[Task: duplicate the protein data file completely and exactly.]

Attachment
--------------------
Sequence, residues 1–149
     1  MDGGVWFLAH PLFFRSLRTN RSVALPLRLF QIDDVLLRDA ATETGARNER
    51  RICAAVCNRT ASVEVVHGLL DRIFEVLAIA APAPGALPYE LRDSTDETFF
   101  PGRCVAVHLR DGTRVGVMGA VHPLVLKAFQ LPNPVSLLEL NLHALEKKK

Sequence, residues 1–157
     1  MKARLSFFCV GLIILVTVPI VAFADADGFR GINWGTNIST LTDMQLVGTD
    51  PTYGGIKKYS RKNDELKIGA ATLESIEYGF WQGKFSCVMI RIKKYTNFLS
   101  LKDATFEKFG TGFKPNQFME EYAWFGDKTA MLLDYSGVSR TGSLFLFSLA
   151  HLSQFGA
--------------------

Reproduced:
Sequence, residues 1–149
     1  MDGGVWFLAH PLFFRSLRTN RSVALPLRLF QIDDVLLRDA ATETGARNER
    51  RICAAVCNRT ASVEVVHGLL DRIFEVLAIA APAPGALPYE LRDSTDETFF
   101  PGRCVAVHLR DGTRVGVMGA VHPLVLKAFQ LPNPVSLLEL NLHALEKKK

Sequence, residues 1–157
     1  MKARLSFFCV GLIILVTVPI VAFADADGFR GINWGTNIST LTDMQLVGTD
    51  PTYGGIKKYS RKNDELKIGA ATLESIEYGF WQGKFSCVMI RIKKYTNFLS
   101  LKDATFEKFG TGFKPNQFME EYAWFGDKTA MLLDYSGVSR TGSLFLFSLA
   151  HLSQFGA